Click below to listen to my 2 min. Garden Bite radio show: Apples and issues
It’s apple season growing time and with that come some issues! Apples that grow in our colder climates are new, relatively speaking, in the plant world. The University of MN has done a lot of breeding to create some AMAZING cultivars. I’ll never forget back in the early 1990’s having my first Honeycrisp apple at the MN Landscape Arboretum. It was huge, red and the absolute best apple I’d ever eaten. We could only buy ONE!
Today there are a myriad of northern grown apples .
A friend of mine has Zestar and Honeycrisp. He doesn’t like to use chemicals to keep the bugs at bay so he uses nylon footies to keep apple maggot at bay. Yes, it’s a lot of work but, if you’re organic, then give it a go. It works.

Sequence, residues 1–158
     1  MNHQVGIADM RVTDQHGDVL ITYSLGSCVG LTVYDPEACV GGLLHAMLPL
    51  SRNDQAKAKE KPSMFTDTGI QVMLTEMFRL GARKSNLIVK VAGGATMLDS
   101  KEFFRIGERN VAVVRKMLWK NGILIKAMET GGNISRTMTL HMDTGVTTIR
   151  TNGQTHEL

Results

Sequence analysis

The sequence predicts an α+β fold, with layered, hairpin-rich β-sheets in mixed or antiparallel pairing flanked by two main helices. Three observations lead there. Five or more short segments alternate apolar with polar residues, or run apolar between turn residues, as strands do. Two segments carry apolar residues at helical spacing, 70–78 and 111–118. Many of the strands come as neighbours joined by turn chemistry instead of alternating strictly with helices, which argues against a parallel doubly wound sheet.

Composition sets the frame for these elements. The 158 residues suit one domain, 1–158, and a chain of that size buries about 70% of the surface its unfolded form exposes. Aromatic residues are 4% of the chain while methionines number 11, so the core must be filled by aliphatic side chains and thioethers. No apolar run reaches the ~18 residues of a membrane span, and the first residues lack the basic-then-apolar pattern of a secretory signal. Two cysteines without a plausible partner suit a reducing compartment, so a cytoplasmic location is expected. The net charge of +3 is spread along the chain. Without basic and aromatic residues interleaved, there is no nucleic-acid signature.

Damage from insects generally happens before you see it, so if you had troubles last year, you likely will this year. Apple maggot is the worst.
You should have traps placed NOW. The adult flies lay eggs under the skin of the growing apples. Growing apples in the home garden [Univ. of MN]
Picking up and destroying fallen fruit once a week from early August through harvest reduces the potential for maggot infestations the following year. However, the raccoons don’t care.
A little “zing” on the fence will keep them away but not hurt them!
This time of year, you should thin the fruit. Leave one or two fruit per flower cluster. Thin when the fruit is about marble size, thinning is actually good for the tree.